Recognizing a Pam Pack great, adding to the history of the Long Blue Line

Published 8:49 pm Monday, December 13, 2021

Getting your Trinity Audio player ready...

My mistakes bother me less and less as I age. They happen almost daily, so I correct as needed and hope very few people notice. In this case, I thought you would want to know Tommy Langley’s story.

It all started when Washington High School senior Terry Moore became the ninth player in school history to be chosen for the Shrine Bowl of the Carolinas All-Star game. At least that’s what I wrote.

I received a call a few days later and the voice on the other end was mildly irritated that I had left Tommy Langley out of my story.

He was polite, but adamant that Tommy had played in the 1965 contest. He knew it for a fact because he saw it live and in person.

I was more than curious at this point, because the list came from the Shrine Bowl banner hanging in the Washington High School locker room, which I had seen, also live and in person.

I asked the voice, which belonged to Tommy’s older brother Skybo, who was a member of the 1956 state runner up Pam Pack squad, very tactfully if he had any proof. You know how we reporters can be, we have to document everything before we print it.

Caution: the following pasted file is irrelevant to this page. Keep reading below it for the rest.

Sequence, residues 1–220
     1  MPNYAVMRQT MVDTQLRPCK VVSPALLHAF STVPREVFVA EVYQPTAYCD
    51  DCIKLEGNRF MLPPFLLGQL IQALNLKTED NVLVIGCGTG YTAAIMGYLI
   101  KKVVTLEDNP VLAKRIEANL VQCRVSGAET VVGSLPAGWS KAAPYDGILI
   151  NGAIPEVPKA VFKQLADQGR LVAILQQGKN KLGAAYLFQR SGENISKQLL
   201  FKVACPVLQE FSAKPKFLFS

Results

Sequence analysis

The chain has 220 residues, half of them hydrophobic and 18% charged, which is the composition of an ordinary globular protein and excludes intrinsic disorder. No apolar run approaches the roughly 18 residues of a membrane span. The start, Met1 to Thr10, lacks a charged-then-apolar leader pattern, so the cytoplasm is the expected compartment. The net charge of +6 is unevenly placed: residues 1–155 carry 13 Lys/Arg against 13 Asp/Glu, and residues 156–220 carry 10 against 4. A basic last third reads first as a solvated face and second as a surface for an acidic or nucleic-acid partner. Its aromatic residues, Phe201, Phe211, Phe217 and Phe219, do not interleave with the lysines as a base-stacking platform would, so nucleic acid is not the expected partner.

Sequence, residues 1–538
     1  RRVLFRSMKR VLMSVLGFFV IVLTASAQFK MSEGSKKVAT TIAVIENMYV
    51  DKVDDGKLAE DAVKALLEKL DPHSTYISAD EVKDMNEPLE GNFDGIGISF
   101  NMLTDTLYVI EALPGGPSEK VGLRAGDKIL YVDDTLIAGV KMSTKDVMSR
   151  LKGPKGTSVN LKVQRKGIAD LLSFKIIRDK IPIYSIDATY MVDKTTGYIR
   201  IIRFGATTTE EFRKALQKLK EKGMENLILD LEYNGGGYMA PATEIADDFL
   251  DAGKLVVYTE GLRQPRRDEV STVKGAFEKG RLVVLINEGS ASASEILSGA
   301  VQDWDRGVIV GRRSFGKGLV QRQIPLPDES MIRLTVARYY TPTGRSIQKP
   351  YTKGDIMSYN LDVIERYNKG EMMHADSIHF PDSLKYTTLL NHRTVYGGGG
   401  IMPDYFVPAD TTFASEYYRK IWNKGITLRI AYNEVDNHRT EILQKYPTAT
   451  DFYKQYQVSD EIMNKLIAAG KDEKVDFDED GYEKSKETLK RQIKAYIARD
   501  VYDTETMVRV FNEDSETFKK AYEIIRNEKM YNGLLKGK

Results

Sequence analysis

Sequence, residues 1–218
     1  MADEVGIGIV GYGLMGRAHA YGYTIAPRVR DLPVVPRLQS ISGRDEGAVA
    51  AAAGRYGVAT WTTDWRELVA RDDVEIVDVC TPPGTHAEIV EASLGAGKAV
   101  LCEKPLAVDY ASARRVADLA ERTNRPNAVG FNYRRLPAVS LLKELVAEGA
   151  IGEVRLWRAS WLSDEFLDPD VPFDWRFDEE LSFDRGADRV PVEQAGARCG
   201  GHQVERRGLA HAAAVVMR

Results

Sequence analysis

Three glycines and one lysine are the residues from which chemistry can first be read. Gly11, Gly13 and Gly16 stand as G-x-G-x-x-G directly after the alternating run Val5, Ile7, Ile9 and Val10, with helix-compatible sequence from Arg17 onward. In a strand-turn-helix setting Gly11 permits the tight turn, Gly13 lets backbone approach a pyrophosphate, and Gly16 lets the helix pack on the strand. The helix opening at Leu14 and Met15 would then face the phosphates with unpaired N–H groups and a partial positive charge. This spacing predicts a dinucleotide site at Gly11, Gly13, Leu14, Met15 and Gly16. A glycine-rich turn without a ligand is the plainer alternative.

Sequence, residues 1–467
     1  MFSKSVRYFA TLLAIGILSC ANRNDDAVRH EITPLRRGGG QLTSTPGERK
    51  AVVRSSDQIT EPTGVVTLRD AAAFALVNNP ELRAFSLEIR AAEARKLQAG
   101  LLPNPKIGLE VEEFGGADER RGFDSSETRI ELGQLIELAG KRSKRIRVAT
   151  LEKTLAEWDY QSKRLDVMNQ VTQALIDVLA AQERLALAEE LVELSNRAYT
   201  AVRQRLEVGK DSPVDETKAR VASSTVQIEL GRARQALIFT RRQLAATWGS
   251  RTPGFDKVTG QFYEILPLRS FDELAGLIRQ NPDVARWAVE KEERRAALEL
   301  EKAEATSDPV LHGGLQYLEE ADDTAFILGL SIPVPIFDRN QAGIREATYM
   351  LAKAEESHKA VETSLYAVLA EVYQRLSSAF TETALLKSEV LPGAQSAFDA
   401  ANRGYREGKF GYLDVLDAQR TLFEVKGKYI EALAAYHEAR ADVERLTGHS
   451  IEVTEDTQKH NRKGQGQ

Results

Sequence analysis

A package of news clippings from this and other publications from around the state plus photos arrived at the paper a few days later, definitely proving that Tommy was on the team.

Turns out, the 6’0 180 lb. Langley was one of the top kickers in the state, started at center and was a starting linebacker on defense for legendary coach Choppy Wagner. He was All-Conference, All-East, All-State and also played in the East-West All-Star game. To top it off, Senior Scholastic magazine named him an honorable mention on the high school All-America team.

He, along with teammates Joe Stalls and Don Gray accepted scholarships to Appalachian State Teachers College, as it was then known.

The story ends sadly, so stop here if you get upset easily.

Tommy was home on spring break in March of 1968, when he died in a car crash on Highway 102 on the way back from Greenville. He was 20 years old. That part was tough to write, but there’s a positive side at least.

Part two of the tale was showing Washington coach Perry Owens what I found.

Despite being just 30 years old and not from Beaufort County, Owens is very interested in adding to and respectful of the tradition of the Long Blue Line of Pam Pack players.

He realizes, correctly, that the more success stories on the walls that his players see every day helps motivate them to put in the work necessary to get their names up there as well.

“We are updating our banners soon and will absolutely make sure Mr. Langley gets the respect he deserves for his accomplishment,” Owens said. “Pam Pack football has a long, proud tradition of success and we want to honor those former players every way we can, every chance we get. There are probably more out there and we’d like to know about them also.”

Something good came from my oversight this time. I’ll make those kinds of mistakes anytime.